Clinical trials have demonstrated partial protection against HIV-1 infection by vaginal microbicide formulations based on antiretroviral (ARV) drugs. Improved formulations that will maintain sustained drug concentrations at viral target sites in the cervicovaginal mucosa are needed. We have previously demonstrated that treatment of cervicovaginal cell lines with ARV drugs can alter gene expression of drug transporters, suggesting that the mucosal disposition of ARV drugs delivered vaginally can be modulated by drug transporters. This study aimed to investigate in vivo modulation of drug transporter expression in a nonhuman primate model by tenofovir and darunavir released from film formulations. Cervicovaginal tissues were collected from drug-naïve macaques and from macaques vaginally treated with film formulations of tenofovir or darunavir. Drug release in vaginal fluid as well as drug absorption in cervicovaginal tissues and lymph nodes were verified by mass spectrometry. The effects of exposure to drugs on the expression of transporters relevant to ARV drugs were evaluated by quantitative PCR. We showed expression in cervicovaginal tissue of drug-naïve macaques of transporters important for distribution of ARV drugs, albeit at lower levels compared to human tissue for key transporters including P-glycoprotein. Concentrations of tenofovir and darunavir well above the EC50 values determined in vitro were detected in vaginal fluid and vaginal tissues of macaques treated with drug-dissolving films over 24 h and were also comparable to those shown previously to modulate drug transporter expression. Accordingly, Multidrug Resistance associated Protein 2 (MRP2) in cervicovaginal tissue was upregulated by both tenofovir and darunavir. The two drugs also differentially induced and/or inhibited expression of key uptake transporters for reverse transcriptase inhibitors and protease inhibitors. The lower expression of key transporters in macaques may result in increased retention of ARV drugs at the simian cervicovaginal mucosa compared to the human mucosa and has implications for translation of preclinical data. Modulation of drug transporter expression by tenofovir and darunavir points to the potential benefit of MRP2 inhibition to increase ARV drug penetration through the cervicovaginal epithelium.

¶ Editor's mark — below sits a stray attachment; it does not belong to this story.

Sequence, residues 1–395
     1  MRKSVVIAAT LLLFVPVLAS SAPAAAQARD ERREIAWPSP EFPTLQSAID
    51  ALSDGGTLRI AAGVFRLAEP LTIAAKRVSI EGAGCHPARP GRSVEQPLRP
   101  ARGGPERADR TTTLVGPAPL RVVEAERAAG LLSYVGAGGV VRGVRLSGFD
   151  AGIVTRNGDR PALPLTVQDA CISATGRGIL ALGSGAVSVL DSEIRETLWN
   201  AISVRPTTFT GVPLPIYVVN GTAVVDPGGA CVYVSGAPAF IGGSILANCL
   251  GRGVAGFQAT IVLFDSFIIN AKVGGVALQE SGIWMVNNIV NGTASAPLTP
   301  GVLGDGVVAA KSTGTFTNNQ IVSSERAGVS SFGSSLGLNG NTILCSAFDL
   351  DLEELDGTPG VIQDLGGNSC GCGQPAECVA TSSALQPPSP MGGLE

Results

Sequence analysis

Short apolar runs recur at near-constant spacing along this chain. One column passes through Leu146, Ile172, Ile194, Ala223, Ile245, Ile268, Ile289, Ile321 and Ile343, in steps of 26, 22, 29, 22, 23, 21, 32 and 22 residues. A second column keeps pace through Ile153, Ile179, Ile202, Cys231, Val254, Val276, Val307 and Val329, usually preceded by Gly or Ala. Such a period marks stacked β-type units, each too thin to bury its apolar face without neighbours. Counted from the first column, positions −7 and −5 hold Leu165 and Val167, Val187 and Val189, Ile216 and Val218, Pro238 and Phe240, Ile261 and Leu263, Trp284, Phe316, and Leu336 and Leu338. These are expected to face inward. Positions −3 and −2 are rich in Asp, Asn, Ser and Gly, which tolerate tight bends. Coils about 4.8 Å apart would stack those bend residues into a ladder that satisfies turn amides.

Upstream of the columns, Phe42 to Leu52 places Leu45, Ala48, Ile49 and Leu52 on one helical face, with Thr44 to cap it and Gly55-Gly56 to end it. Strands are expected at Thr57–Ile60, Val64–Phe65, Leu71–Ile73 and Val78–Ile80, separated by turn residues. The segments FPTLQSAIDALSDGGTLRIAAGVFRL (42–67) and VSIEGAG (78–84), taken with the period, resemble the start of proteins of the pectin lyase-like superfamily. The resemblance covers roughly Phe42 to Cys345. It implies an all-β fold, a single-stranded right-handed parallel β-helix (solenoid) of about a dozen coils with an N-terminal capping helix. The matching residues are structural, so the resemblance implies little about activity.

Hijazi, K., Iannelli, F., Cuppone, A.M., Desjardins, D., Caldwell, A., Dereuddre-Bosquet, N., et al. (2020). In Vivo Modulation of Cervicovaginal Drug Transporters and Tissue Distribution by Film-Released Tenofovir and Darunavir for Topical Prevention of HIV-1. MOLECULAR PHARMACEUTICS, 17(3), 852-864-864 [10.1021/acs.molpharmaceut.9b01121].

In Vivo Modulation of Cervicovaginal Drug Transporters and Tissue Distribution by Film-Released Tenofovir and Darunavir for Topical Prevention of HIV-1

Iannelli F.;Cuppone A. M.;Santoro F.;Pozzi G.;
2020-01-01

Abstract

Clinical trials have demonstrated partial protection against HIV-1 infection by vaginal microbicide formulations based on antiretroviral (ARV) drugs. Improved formulations that will maintain sustained drug concentrations at viral target sites in the cervicovaginal mucosa are needed. We have previously demonstrated that treatment of cervicovaginal cell lines with ARV drugs can alter gene expression of drug transporters, suggesting that the mucosal disposition of ARV drugs delivered vaginally can be modulated by drug transporters. This study aimed to investigate in vivo modulation of drug transporter expression in a nonhuman primate model by tenofovir and darunavir released from film formulations. Cervicovaginal tissues were collected from drug-naïve macaques and from macaques vaginally treated with film formulations of tenofovir or darunavir. Drug release in vaginal fluid as well as drug absorption in cervicovaginal tissues and lymph nodes were verified by mass spectrometry. The effects of exposure to drugs on the expression of transporters relevant to ARV drugs were evaluated by quantitative PCR. We showed expression in cervicovaginal tissue of drug-naïve macaques of transporters important for distribution of ARV drugs, albeit at lower levels compared to human tissue for key transporters including P-glycoprotein. Concentrations of tenofovir and darunavir well above the EC50 values determined in vitro were detected in vaginal fluid and vaginal tissues of macaques treated with drug-dissolving films over 24 h and were also comparable to those shown previously to modulate drug transporter expression. Accordingly, Multidrug Resistance associated Protein 2 (MRP2) in cervicovaginal tissue was upregulated by both tenofovir and darunavir. The two drugs also differentially induced and/or inhibited expression of key uptake transporters for reverse transcriptase inhibitors and protease inhibitors. The lower expression of key transporters in macaques may result in increased retention of ARV drugs at the simian cervicovaginal mucosa compared to the human mucosa and has implications for translation of preclinical data. Modulation of drug transporter expression by tenofovir and darunavir points to the potential benefit of MRP2 inhibition to increase ARV drug penetration through the cervicovaginal epithelium.
Hijazi, K., Iannelli, F., Cuppone, A.M., Desjardins, D., Caldwell, A., Dereuddre-Bosquet, N., et al. (2020). In Vivo Modulation of Cervicovaginal Drug Transporters and Tissue Distribution by Film-Released Tenofovir and Darunavir for Topical Prevention of HIV-1. MOLECULAR PHARMACEUTICS, 17(3), 852-864-864 [10.1021/acs.molpharmaceut.9b01121].
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Utilizza questo identificativo per citare o creare un link a questo documento: https://hdl.handle.net/11365/1095935
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